what motivates you? >
What motivates me is very difficult to explain, it comes from something inside me and it burns more and more everyday. For me it doesn't go away, I want to be the best at something I love to do and improve even if it's by very small amounts day by day, week by week, year by year. I compete because it's what I love to do. Somebody once asked me, if you won the lottery tomorrow would you quit powerlifting, I answered simply, no. I don't do the lottery for a start, my motivation is not for money or fame but a desire to say I was the best at least once, a truth to myself. For me a thousand people could say I'm the best, he or she is the best, but you cant hide from what you know is the truth. I'm motivated by the reality that somebody somewhere is training harder than me and doing things I don't want to do, eating the right foods, travelling to get the best training and with the right people. People like that are a great fear to me, it's like competing against myself, I like to think I'm motivated in all areas to be the best and whatever it takes to achieve that dream.
What are your goals? >
First and foremost my main goal is to live a long, healthy and happy life with my family. I like to set realistic goals for training and competing, my main goal is to win the 198 pound division, at the World Powerlifting Championships, then defend the title for as long as I can. I would also like to break the all time total record at 198, without lifting suits. My other goal is to break the 800 pound barrier on the Deadlift, with a conventional stance and no belt or lifting equipment.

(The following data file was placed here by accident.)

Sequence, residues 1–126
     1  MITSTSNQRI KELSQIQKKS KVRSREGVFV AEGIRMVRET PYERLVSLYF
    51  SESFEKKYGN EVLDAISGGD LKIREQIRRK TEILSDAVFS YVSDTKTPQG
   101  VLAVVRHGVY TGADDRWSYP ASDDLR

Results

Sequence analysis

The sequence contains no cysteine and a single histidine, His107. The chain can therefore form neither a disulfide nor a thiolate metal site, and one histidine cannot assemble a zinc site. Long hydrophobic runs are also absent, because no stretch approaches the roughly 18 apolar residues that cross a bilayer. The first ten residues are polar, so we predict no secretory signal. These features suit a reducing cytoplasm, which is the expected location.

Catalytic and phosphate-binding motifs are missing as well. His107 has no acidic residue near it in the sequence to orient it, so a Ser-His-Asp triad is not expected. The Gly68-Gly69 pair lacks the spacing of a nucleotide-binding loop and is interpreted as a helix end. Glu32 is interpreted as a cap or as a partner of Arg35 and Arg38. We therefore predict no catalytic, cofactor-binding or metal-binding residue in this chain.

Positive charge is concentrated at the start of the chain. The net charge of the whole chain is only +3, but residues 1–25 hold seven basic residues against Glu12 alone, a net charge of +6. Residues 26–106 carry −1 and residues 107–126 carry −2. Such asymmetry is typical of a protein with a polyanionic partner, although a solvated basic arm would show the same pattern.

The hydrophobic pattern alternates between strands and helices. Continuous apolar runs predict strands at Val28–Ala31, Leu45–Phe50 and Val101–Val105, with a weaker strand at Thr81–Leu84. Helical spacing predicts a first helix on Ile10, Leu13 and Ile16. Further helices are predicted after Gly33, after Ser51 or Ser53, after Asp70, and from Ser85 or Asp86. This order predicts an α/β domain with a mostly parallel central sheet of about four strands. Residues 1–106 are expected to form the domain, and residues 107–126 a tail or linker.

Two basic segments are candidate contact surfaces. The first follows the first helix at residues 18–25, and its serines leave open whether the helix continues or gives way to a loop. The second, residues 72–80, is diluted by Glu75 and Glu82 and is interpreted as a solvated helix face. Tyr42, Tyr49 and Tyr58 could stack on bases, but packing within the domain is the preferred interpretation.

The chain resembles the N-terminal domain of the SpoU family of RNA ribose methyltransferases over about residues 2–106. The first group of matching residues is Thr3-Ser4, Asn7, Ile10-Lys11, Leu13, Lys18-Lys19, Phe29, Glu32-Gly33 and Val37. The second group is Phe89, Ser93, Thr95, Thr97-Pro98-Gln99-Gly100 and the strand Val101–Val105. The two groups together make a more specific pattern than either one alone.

What are your core principles behind your approach to this sport? >
For me my family are a big support to my competing and training, without them I would not be able to compete as consistently as I do. I try to keep a balance of training hard and being consistent, along with spending time and relaxing with my friends and family. I truly believe that nothing comes easy in life and you should work hard for what you want, this is what builds true character and determination. I try to keep my training fun but effective at the same time, I'm not scared to break out of the mould and try new things to get fitter and stronger for powerlifting. I sometimes look to athletes from other sports for motivation in my own sport, inspiration is very important for us to grow and improve. Training wise for me, my training is based around the three big power lifts squat, bench and deadlift. I try to be creative with my training but I keep it as basic as possible and stick with what works for me, I'm forever working weak points in my lifts, it's a challenge that I enjoy.
what advice would you give someone? >